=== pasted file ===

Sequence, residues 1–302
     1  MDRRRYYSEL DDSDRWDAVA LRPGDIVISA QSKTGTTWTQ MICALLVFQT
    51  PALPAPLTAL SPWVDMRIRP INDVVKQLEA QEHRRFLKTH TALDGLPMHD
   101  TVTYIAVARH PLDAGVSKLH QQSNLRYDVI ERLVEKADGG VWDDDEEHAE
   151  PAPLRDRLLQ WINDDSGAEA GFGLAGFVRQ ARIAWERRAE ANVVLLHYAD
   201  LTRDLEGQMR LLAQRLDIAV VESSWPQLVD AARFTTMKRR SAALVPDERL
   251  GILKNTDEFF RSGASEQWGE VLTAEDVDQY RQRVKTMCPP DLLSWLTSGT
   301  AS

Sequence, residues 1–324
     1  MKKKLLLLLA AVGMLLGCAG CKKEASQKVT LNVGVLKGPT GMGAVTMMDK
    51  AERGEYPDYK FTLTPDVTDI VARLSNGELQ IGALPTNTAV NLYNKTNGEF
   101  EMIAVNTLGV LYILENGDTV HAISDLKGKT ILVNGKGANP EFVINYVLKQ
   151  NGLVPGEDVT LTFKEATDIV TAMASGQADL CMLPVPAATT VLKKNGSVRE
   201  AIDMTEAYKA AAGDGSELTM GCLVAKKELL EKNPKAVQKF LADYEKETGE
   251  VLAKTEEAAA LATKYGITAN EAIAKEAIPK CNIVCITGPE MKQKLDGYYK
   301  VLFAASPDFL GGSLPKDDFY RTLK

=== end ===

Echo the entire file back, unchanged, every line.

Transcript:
Sequence, residues 1–302
     1  MDRRRYYSEL DDSDRWDAVA LRPGDIVISA QSKTGTTWTQ MICALLVFQT
    51  PALPAPLTAL SPWVDMRIRP INDVVKQLEA QEHRRFLKTH TALDGLPMHD
   101  TVTYIAVARH PLDAGVSKLH QQSNLRYDVI ERLVEKADGG VWDDDEEHAE
   151  PAPLRDRLLQ WINDDSGAEA GFGLAGFVRQ ARIAWERRAE ANVVLLHYAD
   201  LTRDLEGQMR LLAQRLDIAV VESSWPQLVD AARFTTMKRR SAALVPDERL
   251  GILKNTDEFF RSGASEQWGE VLTAEDVDQY RQRVKTMCPP DLLSWLTSGT
   301  AS

Sequence, residues 1–324
     1  MKKKLLLLLA AVGMLLGCAG CKKEASQKVT LNVGVLKGPT GMGAVTMMDK
    51  AERGEYPDYK FTLTPDVTDI VARLSNGELQ IGALPTNTAV NLYNKTNGEF
   101  EMIAVNTLGV LYILENGDTV HAISDLKGKT ILVNGKGANP EFVINYVLKQ
   151  NGLVPGEDVT LTFKEATDIV TAMASGQADL CMLPVPAATT VLKKNGSVRE
   201  AIDMTEAYKA AAGDGSELTM GCLVAKKELL EKNPKAVQKF LADYEKETGE
   251  VLAKTEEAAA LATKYGITAN EAIAKEAIPK CNIVCITGPE MKQKLDGYYK
   301  VLFAASPDFL GGSLPKDDFY RTLK